"Buy high yield when the stimulus ends."
It's not exactly "shoot when you see the whites of their eyes," but it is certainly a strategy that has worked well for Carl Kaufman, portfolio manager for the $156 million
Osterweis Strategic Income fund. The go-anywhere bond fund, which concentrates on high-yield and convertible debt, has returned 5.44% annually over the past three years, 40 basis points better than the Lehman Aggregate Bond index.
"There is no surprise that the outlook for corporate debt is weaker considering the economy and the stresses on the consumer," says Kaufman. "Coverage ratios will drop. Cash flows will drop, and so will bond prices. In fact, they already have; the questions are: how much more and for how much longer?"
Kaufman admits there are no easy answers. In the meantime, he raised his cash and Treasury stakes to nearly a quarter of his assets as he waits for opportunities to arise, all the while watching what he calls the "interest rate cycle" and the "credit cycle." Right now, he says, we are very much at the start of an interest rate cycle, with the
cutting rates and showing no signs of stopping.
"When the Fed cuts rate, investment-grade bonds go up," says Kaufman. "During these times you play defense in high yield, because defaults are expected to rise."
Conversely, the credit cycle has reached its peak, according to Kaufman, and will decline over the course of 2008. Under this scenario, prices for high-yield bonds fall as GDP growth slows, defaults increase and the fortunes of the individual issuers become more important than changes in interest rates.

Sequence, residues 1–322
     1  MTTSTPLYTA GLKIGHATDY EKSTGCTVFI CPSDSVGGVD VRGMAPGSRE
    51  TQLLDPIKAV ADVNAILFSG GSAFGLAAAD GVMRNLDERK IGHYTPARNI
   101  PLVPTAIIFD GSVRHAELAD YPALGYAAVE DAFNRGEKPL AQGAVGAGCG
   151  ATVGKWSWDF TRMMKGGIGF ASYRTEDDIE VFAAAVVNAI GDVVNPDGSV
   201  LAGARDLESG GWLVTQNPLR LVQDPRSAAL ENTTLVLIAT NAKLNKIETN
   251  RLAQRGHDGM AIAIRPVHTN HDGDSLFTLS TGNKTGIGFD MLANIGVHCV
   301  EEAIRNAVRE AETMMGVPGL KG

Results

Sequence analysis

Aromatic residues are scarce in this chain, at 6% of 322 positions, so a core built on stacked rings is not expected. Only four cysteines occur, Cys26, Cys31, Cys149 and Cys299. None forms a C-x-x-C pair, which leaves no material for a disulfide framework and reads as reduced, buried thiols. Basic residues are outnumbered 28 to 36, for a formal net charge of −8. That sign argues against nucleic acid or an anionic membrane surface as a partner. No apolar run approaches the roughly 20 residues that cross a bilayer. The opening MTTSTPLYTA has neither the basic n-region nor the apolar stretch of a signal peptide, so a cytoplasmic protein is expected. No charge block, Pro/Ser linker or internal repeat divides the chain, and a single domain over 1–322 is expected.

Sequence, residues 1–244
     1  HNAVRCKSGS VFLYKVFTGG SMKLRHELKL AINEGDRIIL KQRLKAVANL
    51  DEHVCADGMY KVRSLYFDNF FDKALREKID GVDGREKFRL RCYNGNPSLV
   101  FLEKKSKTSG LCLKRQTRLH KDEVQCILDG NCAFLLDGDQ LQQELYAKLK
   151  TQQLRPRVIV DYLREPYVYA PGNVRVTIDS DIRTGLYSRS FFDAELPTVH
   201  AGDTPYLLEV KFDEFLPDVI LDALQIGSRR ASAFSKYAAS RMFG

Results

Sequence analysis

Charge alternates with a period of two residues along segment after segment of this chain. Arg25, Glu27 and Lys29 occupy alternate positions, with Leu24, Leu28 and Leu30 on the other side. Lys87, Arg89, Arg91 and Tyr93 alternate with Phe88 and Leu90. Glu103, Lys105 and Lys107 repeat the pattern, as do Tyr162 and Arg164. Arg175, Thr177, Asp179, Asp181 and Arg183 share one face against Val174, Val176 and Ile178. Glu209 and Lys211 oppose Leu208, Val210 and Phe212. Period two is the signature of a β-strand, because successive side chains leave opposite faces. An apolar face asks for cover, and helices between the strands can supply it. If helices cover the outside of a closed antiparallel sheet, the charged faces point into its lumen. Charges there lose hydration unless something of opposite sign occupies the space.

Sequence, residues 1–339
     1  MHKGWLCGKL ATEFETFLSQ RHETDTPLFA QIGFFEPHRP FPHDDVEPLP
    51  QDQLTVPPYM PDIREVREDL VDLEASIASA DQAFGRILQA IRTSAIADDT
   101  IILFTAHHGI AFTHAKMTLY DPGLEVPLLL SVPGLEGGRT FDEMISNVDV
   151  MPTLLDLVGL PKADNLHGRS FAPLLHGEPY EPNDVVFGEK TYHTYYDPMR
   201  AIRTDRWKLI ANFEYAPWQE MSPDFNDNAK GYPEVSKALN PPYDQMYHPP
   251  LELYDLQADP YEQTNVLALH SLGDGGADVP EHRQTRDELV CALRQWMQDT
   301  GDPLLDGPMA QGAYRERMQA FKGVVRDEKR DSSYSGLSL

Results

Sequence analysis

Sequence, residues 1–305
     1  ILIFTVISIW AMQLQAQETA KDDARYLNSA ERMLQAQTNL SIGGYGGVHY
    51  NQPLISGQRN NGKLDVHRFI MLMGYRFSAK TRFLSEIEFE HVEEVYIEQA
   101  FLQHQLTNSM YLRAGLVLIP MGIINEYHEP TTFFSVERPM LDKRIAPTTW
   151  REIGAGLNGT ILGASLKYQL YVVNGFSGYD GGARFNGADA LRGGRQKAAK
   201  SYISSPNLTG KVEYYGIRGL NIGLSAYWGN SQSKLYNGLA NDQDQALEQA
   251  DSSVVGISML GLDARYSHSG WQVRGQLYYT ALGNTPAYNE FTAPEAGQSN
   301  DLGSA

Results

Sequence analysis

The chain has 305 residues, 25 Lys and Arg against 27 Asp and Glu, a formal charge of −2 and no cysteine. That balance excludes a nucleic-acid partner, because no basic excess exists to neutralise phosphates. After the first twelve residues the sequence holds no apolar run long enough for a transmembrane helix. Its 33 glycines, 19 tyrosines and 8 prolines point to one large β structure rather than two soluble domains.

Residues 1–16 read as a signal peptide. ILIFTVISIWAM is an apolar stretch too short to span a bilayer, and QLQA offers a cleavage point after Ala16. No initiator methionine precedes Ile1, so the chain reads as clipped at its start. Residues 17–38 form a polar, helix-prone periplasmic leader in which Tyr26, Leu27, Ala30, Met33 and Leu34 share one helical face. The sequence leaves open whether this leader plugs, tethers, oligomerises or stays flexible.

Kaufman expects the most recently completed high-yield deals to collapse the soonest.
"Like mortgages, the pressure will be on the most recent vintages," says Kaufman. "Defaults will rise on most recent deals when EBITDA was at a peak and the buyer paid a peak multiple."
Although the fund manager remains cautious, he is still looking for high-yield and convertible opportunities, especially in technology companies, "because they tend to run with high cash balances."
Perhaps surprisingly, the fund owns bonds issued by homebuilder
that are due in December. Kaufman, however, says it's not as risky as it sounds, despite the housing market mess.
"The company has been around for 50 years and has $1.3 billion in cash," says Kaufman. "It pays an 8.625% coupon -- far more than Treasuries -- and it's trading barely below par. They'll pay it off."
Before joining TheStreet.com, Gregg Greenberg was a writer and segment producer for CNBC's Closing Bell. He previously worked at FleetBoston and Lehman Brothers in their Private Client Services divisions, covering high net-worth individuals and midsize hedge funds. Greenberg attended New York University's School of Business and Economic Reporting. He also has an M.B.A. from Cornell University's Johnson School of Business, and a B.A. in history from Amherst College.